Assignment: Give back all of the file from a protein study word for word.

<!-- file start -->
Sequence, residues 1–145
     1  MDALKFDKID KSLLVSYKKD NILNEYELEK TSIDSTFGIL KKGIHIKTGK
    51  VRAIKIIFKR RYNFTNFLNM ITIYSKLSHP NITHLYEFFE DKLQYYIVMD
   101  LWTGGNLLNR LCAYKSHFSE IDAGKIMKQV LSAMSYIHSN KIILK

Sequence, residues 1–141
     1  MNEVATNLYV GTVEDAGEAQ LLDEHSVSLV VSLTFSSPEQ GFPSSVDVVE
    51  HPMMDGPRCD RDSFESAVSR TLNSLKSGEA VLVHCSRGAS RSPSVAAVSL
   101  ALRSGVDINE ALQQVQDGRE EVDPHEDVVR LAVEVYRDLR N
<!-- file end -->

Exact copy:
Sequence, residues 1–145
     1  MDALKFDKID KSLLVSYKKD NILNEYELEK TSIDSTFGIL KKGIHIKTGK
    51  VRAIKIIFKR RYNFTNFLNM ITIYSKLSHP NITHLYEFFE DKLQYYIVMD
   101  LWTGGNLLNR LCAYKSHFSE IDAGKIMKQV LSAMSYIHSN KIILK

Sequence, residues 1–141
     1  MNEVATNLYV GTVEDAGEAQ LLDEHSVSLV VSLTFSSPEQ GFPSSVDVVE
    51  HPMMDGPRCD RDSFESAVSR TLNSLKSGEA VLVHCSRGAS RSPSVAAVSL
   101  ALRSGVDINE ALQQVQDGRE EVDPHEDVVR LAVEVYRDLR N